Sarah Staudt wrote the following in response to the tragic events at Virginia Tech this week:
In my darker moments during this week, I felt as though Easter forgot to come this year. Or rather, that it somehow came, and then was snatched away. In Chicago, the days before Palm Sunday were gorgeous, with the first flowers of spring beginning to bloom in 70-degree temperatures. But right around Easter, the temperature plummeted into the 30s again, and winter took over, as if punishing us for rejoicing too soon. I saw a field of what I thought were the first snowdrop flowers of the year, growing despite the cloudy weather and frigid air, only to discover on closer inspection that they really were snowflakes, clumps of unmelted wintry slush masquerading as the first signs of the season of rebirth. These weeks have felt foreboding to me, comfortless. Not much like what Easter should be.
And of course, the Easter Season took a truly unimaginable turn this year, when in those first early days of finally emerging spring, in the mountains of Virginia, 33 innocents died as they tried to learn in their classrooms. Senseless violence – that’s the phrase I’ve heard the most this week connected with Virginia Tech. And I’ve been waiting, as I always wait, as a Christian after the most horrible of events, for Christ to speak through the terror and the pain and give his children our direction, so that some good might emerge from the tragedy. But this time, no clear voice sang out. There was no great moral indignation, no strong, defining words of mission and purpose on the news channels. Everyone seemed to be in shock, and in deep denial. The killer’s sociopathy was mentioned time, and time again, We couldn’t believe that lightning could strike the same place twice. We decided, many of us, myself included, to forget, to disengage. We didn’t know what to do, because there was nothing to do.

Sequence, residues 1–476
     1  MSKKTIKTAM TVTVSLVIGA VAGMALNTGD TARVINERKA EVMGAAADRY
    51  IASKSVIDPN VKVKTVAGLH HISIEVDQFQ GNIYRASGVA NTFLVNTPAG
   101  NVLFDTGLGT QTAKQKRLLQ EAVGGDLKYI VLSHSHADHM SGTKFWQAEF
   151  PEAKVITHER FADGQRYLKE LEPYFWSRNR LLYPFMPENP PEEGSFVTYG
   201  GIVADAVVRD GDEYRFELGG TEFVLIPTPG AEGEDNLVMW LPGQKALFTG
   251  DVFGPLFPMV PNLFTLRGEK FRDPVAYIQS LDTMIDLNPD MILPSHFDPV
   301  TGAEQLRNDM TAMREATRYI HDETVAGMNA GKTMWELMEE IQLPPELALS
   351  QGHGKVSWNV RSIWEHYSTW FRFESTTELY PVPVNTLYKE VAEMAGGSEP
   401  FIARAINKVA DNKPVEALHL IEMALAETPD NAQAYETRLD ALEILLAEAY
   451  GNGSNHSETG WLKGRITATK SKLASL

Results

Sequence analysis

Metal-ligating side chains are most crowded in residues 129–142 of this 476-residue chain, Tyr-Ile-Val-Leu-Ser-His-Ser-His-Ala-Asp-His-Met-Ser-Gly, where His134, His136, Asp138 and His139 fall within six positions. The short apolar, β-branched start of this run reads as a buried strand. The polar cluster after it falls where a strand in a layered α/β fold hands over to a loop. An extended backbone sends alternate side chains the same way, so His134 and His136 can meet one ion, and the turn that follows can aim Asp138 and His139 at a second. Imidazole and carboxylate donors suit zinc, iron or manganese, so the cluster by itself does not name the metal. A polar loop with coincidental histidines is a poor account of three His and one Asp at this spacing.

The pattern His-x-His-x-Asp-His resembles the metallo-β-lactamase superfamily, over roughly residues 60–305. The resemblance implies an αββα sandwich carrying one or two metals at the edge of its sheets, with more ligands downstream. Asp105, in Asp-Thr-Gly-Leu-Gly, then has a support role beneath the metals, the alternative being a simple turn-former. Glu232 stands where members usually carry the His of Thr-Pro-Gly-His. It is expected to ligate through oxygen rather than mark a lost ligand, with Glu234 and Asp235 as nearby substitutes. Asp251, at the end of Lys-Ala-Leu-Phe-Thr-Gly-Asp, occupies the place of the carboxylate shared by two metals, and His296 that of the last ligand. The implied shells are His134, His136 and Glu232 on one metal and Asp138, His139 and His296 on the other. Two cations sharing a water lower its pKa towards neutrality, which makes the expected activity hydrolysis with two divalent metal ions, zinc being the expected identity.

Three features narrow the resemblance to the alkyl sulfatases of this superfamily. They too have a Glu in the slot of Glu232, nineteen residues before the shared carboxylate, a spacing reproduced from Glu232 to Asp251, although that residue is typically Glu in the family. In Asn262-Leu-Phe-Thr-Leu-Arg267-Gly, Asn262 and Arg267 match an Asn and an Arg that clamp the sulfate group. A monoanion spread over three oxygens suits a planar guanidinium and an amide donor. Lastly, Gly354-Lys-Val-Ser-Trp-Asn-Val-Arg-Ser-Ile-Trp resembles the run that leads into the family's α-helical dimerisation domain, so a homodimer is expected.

The only possible response to this tragedy is intangible. The will be no concrete rebirth from this event, no tangible resurrection, out of this pain. We haven’t been used to this feeling. After Hurricane Katrina, the unity of the faithful encouraged our nation to consider the less fortunate. After 9/11, we were given a new understanding of the pain of the greater world, through the lens of the lives lost.
But here, today, in the face of these inexplicable deaths, what to we learn? That we should find the weak link in the disciplinary system of our schools and fill the gap? That we should get better at finding sociopaths? That can’t be it. There’s a group protesting at victims funerals who say that we should learn that as a country we deserve the death of our innocents because of our immorality. But the idea that this is an act of divine vengeance goes against everything I know about Christ. Nothing I can find, no explanation, makes any sense at all.
The truth is, there is no sense. And there is no mission, no change to be enacted, nothing to be fixed. We have no power here.
And yet, though this lesson is not concrete, is not worldly or tangible, we must learn through this tragedy that God is Working. The lesson of the terrible, non-sensical tragedy is that we are not always called to help, to fix, to understand. Sometimes, we are only called to pray. We are called to say a litany for those who have passed. To accept, not to deny, their deaths and to mourn. We are called to pray for their souls, and ours, to acknowledge that there are times when we can do nothing, blame no one, and fix nothing. If this is senseless, it is because it is beyond our ability to heal. Only God can ever do so.
And so, we must pray. Pray that God does what we can never do – heal, protect and fix what happened in the mountains of Virginia.
And in that way, we can still be reminded that Easter has come. And that once, God did the completely impossible, and healed the one thing our logical minds tell us can never be healed. And remembering that healing, that impossible resurrection, we must, as believers, be able to rise up at our Easter services and say joyously “Alleluia! Christ is Risen!” and know that whatever unimaginable power made it possible for us to say those words can carry our voices and heal what has been broken this Eastertide.